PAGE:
Vietnam Veterans Honored Half-Century After Conflict Began

Rep. Ryan Zinke presents commemorative pins to nearly 200 local veterans

By Justin Franz

The line of mostly gray haired veterans wrapped around the room, and every time it got shorter, another group stood up to fill it in. At the end of the line stood Congressman Ryan Zinke, who offered a handshake, a pin commemorating their service and a hearty “Bravo Zulu and welcome home.”

A half-century after the Vietnam War began, many of those who fought in that conflict are finally receiving the welcome they never received when they came home from Southeast Asia.

“When I came back here from combat there were bands and pats on the back, but that’s not the case for many of you,” Zinke said at a pin ceremony at Flathead Valley Community College on June 2, the seventh such event held this spring around Montana.

More than 2.7 million American soldiers served in Vietnam during the 1960s and 1970s. Montana has one of the highest populations of veterans per capita and more than 100,000 from conflicts call the state home.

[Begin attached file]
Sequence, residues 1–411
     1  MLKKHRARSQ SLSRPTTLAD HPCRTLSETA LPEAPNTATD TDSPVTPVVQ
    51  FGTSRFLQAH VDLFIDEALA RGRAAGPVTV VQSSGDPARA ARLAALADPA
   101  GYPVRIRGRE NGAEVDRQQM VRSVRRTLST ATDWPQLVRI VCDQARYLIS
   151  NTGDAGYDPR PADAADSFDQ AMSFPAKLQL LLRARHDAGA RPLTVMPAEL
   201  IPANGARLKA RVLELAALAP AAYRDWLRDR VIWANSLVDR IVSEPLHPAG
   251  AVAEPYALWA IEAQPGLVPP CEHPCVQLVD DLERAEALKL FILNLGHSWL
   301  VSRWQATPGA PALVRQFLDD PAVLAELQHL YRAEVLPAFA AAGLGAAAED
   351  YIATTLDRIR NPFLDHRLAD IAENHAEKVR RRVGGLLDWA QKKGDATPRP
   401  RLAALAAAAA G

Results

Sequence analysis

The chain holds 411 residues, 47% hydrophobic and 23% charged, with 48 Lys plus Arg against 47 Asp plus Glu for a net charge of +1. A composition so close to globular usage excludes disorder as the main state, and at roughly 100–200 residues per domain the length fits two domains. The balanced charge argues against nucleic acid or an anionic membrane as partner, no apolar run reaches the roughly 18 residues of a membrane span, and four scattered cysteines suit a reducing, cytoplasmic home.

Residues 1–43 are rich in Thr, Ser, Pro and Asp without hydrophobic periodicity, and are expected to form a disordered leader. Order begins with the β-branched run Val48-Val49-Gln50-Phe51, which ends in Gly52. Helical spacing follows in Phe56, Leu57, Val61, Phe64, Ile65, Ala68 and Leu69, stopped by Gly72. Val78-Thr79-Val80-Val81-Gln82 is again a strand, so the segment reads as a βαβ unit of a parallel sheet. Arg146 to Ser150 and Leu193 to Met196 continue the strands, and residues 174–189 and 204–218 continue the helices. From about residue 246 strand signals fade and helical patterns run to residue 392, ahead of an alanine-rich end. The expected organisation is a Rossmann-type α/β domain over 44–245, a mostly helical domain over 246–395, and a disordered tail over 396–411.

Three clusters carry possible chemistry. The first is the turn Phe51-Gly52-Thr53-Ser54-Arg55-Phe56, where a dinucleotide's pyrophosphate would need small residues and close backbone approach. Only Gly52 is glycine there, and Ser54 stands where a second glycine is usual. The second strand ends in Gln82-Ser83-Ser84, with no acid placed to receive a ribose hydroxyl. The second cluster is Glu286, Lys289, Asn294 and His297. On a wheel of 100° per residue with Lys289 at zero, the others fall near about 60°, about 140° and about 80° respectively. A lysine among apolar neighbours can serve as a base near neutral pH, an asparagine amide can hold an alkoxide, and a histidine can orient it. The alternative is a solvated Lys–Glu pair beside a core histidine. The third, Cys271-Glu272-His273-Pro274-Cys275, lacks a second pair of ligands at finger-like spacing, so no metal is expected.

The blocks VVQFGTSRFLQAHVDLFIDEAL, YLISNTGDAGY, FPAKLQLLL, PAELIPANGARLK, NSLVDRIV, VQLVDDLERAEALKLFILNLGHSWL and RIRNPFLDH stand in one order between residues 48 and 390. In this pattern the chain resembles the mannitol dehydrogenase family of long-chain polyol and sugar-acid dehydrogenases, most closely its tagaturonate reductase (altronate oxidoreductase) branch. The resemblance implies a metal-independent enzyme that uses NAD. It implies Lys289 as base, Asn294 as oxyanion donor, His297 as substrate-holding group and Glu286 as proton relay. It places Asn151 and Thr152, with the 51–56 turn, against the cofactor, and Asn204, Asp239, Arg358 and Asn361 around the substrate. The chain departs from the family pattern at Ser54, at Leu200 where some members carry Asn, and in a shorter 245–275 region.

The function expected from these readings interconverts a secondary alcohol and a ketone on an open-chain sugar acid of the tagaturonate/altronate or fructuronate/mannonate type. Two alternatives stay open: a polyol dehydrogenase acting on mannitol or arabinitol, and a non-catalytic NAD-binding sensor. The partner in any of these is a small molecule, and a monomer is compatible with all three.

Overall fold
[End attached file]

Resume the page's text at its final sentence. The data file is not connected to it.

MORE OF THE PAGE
Zinke, who was a Navy Seal in the 1990s and 2000s before entering politics, handed out nearly 200 commemorative Vietnam veteran lapel pins in Kalispell. Spokesperson Heather Swift said the Congressman has issued more than 1,300 pins at medal ceremonies in Missoula, Helena, Butte, Bozeman, Billings and Great Falls in recent weeks. Swift said more ceremonies are planned for eastern Montana and elsewhere in the coming months.

The ceremony featured brief comments by Zinke, the congressman’s district director and Vietnam veteran John Fuller, and veteran Maj. Tim Grattan.

“We who have been there and done that know,” Grattan said to his fellow veterans. “We survive a war that most people would rather forget about.”

Among the veterans who received a pin was Richard Huffman, who served as an aviation ordnanceman for the U.S. Navy in 1971 and 1972 and served in the Gulf of Tonkin. He said when he returned stateside after serving he was greeted by protestors.

“It didn’t feel like home when I came back,” he said.

Another U.S. Navy veteran, Gary Wilson, echoed Huffman’s sentiment.

“Those of us who served were not welcomed when we came back because it was a very unpopular war,” he said. “It’s wonderful that they’re (recognizing Vietnam veterans) now.”